Wednesday, June 30 @ 6:00pm EST
Hall of Fame comic book artist and storyteller STEVE DITKO’S groundbreaking depiction of Spider-man went against type by portraying the everyman, the loner, the underdog—i.e., the teenager—as superhero, and hence super-antihero, the Silver Age of Comics’ most popular.
Yet, somewhat paradoxically, Ditko also made Spider-man a tour-de-force of the superhero genre itself, featuring creatively choreographed fight scenes and acrobatic derring-do that took full advantage of the traits inherent in the hero’s arachnid namesake.
But after Ditko suddenly and startlingly left his trademark character, and Marvel Comics, in 1966, it fell to fellow Marvel artist JOHN ROMITA the unenviable task of following Ditko on the title, for Ditko’s unique stylization made Spider-man one of the few in comic book history to be so intrinsically linked to its original artist, which played a large role in the character becoming, by the time Ditko left, the de facto mascot of Marvel Comics.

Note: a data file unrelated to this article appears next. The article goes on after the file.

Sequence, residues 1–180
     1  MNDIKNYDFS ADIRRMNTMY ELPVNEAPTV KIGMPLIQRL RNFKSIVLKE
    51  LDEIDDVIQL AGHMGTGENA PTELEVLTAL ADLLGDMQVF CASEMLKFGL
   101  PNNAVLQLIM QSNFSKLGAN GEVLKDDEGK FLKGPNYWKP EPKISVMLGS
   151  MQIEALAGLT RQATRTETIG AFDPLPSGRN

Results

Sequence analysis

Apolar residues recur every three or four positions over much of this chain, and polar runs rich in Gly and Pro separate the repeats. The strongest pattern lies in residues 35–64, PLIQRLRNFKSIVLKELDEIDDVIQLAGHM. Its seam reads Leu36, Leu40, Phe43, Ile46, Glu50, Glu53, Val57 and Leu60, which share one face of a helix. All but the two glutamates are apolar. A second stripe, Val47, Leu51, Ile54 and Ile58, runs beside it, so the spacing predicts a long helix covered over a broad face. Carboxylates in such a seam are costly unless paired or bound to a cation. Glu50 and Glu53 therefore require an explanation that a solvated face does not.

But Romita rose to the challenge, and relatively quickly made his Spider-man even more popularly successful than Ditko’s—and ever since, the bona fide corporate logo of Marvel itself.
To this day, arguments among aficionados of Spider-man over whose depiction of the webbed wallcrawler is the greatest, Ditko’s or Romita’s, still rage, online and off. So come to this brand-new webinar by comic book art historian Arlen Schumer (author/designer, The Silver Age of Comic Book Art) and decide for yourself!
ZOOM MEETING: https://bit.ly/3AalPmE
MEETING ID: 868 8098 2021